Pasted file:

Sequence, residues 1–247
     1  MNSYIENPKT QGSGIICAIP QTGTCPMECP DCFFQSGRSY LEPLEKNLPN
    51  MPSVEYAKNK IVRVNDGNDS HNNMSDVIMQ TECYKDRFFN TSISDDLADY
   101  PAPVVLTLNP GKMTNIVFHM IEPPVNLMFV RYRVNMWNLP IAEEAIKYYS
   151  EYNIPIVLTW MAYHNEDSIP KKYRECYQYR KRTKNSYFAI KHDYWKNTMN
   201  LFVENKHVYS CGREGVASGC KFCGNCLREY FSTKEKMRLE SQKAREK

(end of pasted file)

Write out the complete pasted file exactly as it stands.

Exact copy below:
Sequence, residues 1–247
     1  MNSYIENPKT QGSGIICAIP QTGTCPMECP DCFFQSGRSY LEPLEKNLPN
    51  MPSVEYAKNK IVRVNDGNDS HNNMSDVIMQ TECYKDRFFN TSISDDLADY
   101  PAPVVLTLNP GKMTNIVFHM IEPPVNLMFV RYRVNMWNLP IAEEAIKYYS
   151  EYNIPIVLTW MAYHNEDSIP KKYRECYQYR KRTKNSYFAI KHDYWKNTMN
   201  LFVENKHVYS CGREGVASGC KFCGNCLREY FSTKEKMRLE SQKAREK